Attorney Dan Krisch ()
I come to praise DCF, not to bury it. A magnet for criticism in the best of times, the state Department of Children and Families has drawn torrents of outrage over the past two weeks for its decision to transfer a 16-year-old transgender youth to an adult prison. Lost in that flood of well-intentioned indignation is an important, but a largely unasked, and perhaps unanswerable, question: How does a parent with 4,000 children balance the good of each individual child with the good of them all?
Before I turn to that question, a few facts: On Feb. 4, the DCF petitioned the juvenile court for permission to transfer the girl in question (“Jane Doe” due to her age), either to York Correctional Institution in Niantic, or to Manson Youth Institution in Cheshire. Both are run by the Department of Corrections, not by DCF; neither is a suitable long-term home for Jane Doe. York is a prison for adult women and Manson is a facility for juvenile delinquent boys.
DCF acted under a statute, Connecticut General Statutes § 17a-12, that permits such transfers if DCF proves to the court that the transferee “is dangerous to himself or herself or others or cannot be safely held” at a DCF-run facility. Although § 17a-12 is seldom-used, DCF did not invoke it in Jane Doe’s case on a whim. One week before the petition, Jane Doe had assaulted a staff member at a juvenile program in Massachusetts after a different staff member had restrained her from leaving the facility.
Jane Doe’s attack left the staff member with a concussion, an eye injury and bite marks and bruises on her head, face, chest and arms. While there are questions about Jane Doe’s motive for the assault – the facility fired one of the staff members after an internal investigation into the restraint – there is little question about Jane Doe’s history of violence: She once stabbed another girl with a fork and has committed at least 10 other assaults.
I do not mean to suggest that Jane Doe is evil, or even truly culpable for her violent actions. To the contrary, Jane Doe is exactly whom DCF exists to protect and help heal: A victim of years of horrific physical, sexual and emotional abuse, whose transgender status makes her a target for other violent youths and leaves her especially vulnerable to maltreatment.
Faced with the double exigency of a child both violent and uniquely vulnerable to violence, and responsible both for her safety and the safety of its other charges and employees, DCF acted as the law permits. Acted is the key word. In the ensuing uproar, some have impugned DCF’s motives, while others have decried the very notion that DCF ever would seek to lock up one of the children in its care. The temptation to crucify DCF, or to demonize its commissioner, is an unfortunate distraction. We should ask, of course, whether DCF acted properly, but we should be happy that DCF acted.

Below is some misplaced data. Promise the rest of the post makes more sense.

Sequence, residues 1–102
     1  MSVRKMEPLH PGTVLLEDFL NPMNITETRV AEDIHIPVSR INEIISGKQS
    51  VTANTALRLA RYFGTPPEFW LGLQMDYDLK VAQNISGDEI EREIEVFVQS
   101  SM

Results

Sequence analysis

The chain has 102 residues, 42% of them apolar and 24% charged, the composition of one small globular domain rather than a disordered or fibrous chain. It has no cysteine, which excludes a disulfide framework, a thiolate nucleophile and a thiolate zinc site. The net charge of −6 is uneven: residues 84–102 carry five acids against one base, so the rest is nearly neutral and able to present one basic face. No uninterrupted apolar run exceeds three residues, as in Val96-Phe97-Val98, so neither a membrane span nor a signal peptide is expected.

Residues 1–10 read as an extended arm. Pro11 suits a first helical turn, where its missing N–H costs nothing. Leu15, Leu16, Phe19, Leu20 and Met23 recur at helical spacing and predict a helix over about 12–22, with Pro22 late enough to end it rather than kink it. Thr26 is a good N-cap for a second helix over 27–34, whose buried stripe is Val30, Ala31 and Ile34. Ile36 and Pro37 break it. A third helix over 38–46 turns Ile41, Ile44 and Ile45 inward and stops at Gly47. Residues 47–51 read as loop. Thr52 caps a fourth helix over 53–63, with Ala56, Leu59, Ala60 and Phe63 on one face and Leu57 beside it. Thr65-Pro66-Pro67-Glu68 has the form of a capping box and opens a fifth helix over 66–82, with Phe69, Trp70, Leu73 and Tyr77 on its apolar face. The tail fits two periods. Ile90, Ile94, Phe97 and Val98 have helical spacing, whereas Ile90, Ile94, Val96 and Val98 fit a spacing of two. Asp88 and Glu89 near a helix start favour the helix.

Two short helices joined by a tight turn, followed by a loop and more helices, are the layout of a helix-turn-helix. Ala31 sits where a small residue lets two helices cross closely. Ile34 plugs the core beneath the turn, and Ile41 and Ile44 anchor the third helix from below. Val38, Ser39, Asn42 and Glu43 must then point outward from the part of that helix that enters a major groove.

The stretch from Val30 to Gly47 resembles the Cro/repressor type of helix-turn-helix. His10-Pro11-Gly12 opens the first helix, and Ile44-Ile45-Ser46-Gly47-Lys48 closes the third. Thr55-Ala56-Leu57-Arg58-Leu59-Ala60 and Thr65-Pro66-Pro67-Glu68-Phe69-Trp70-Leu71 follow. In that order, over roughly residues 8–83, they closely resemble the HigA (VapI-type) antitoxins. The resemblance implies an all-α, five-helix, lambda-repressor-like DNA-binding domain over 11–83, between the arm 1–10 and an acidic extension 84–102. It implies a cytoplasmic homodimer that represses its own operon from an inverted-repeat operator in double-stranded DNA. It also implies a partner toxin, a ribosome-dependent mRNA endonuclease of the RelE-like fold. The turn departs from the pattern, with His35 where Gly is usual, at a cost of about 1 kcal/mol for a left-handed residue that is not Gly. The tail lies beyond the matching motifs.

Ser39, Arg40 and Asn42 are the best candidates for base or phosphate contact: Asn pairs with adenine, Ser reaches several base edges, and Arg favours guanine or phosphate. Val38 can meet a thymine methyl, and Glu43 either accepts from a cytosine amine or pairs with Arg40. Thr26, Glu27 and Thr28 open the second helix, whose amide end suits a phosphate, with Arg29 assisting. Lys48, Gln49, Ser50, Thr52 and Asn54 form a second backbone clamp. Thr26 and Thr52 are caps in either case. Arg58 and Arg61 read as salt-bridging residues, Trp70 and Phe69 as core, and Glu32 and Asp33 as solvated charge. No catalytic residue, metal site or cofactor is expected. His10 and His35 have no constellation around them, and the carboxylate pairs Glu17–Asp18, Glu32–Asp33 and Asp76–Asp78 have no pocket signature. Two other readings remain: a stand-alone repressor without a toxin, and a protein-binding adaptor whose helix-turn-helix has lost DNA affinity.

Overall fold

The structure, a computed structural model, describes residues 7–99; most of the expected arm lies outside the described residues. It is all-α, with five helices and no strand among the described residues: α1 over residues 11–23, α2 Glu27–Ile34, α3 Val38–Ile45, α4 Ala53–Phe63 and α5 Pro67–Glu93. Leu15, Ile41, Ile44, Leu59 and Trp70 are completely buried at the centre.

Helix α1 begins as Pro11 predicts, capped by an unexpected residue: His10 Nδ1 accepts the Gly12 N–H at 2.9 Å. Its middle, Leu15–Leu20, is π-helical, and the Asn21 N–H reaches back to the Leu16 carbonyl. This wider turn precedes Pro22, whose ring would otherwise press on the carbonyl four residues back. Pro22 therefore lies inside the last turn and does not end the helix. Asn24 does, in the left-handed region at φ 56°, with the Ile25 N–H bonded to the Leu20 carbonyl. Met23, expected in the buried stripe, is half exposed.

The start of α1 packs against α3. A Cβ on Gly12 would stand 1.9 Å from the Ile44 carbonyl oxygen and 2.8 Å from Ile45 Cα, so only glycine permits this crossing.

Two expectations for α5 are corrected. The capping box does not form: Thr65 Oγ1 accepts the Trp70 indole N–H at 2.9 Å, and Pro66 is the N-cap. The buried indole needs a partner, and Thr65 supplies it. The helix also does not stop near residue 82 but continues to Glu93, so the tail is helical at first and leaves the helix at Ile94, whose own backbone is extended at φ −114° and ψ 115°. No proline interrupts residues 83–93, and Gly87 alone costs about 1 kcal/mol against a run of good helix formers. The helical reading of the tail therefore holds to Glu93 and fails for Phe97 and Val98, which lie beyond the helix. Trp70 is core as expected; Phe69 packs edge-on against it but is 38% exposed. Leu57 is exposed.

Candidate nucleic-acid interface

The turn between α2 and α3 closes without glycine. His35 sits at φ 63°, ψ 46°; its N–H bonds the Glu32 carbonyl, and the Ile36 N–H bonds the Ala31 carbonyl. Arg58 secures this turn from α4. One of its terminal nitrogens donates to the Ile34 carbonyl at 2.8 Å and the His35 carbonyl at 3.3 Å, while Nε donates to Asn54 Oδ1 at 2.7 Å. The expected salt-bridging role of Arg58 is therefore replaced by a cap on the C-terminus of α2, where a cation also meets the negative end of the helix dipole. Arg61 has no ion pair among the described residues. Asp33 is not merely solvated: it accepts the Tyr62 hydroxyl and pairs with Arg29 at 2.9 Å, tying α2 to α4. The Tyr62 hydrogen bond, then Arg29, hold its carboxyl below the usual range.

With the monumental task of ensuring the health and welfare of 4,000 children, the greatest danger is inaction. Institutional stagnation. The weight of the process preventing any rapid movement, no matter the crisis. (Indeed, Commissioner Joette Katz’ more ardent detractors might recall that her appointment – was it really only three short years ago? – was praised precisely because she would shake up an agency that had grown moribund. If you buy a Ferrari, don’t expect it to drive in the slow lane.)
More bad things happen when an agency like DCF sits on its hands than when it acts quickly and later has to give its action a second look. In Jane Doe’s case, had DCF stood idly by while she attacked someone else, or was herself the victim of an attack, many of the same folks howling for blood because of DCF’s petition likely would be howling because DCF ignored the warning signs. Better that DCF acted, even if hindsight shows wrongly, because now there is the opportunity to craft a long-term solution for Jane Doe instead of having to sift through the rubble of a tragedy.
He who saves a single life, the Talmud tells us, saves the world entire. In Connecticut, the burden of saving the lives of abused and neglected children – one Jane Doe at a time – falls on DCF. In carrying out this awesome responsibility, full of daunting decisions but devoid of clear solutions, there is some comfort in fact that DCF followed Benjamin Jowett’s maxim to “get it done and let them howl.” The alternative, I fear, would have been far worse.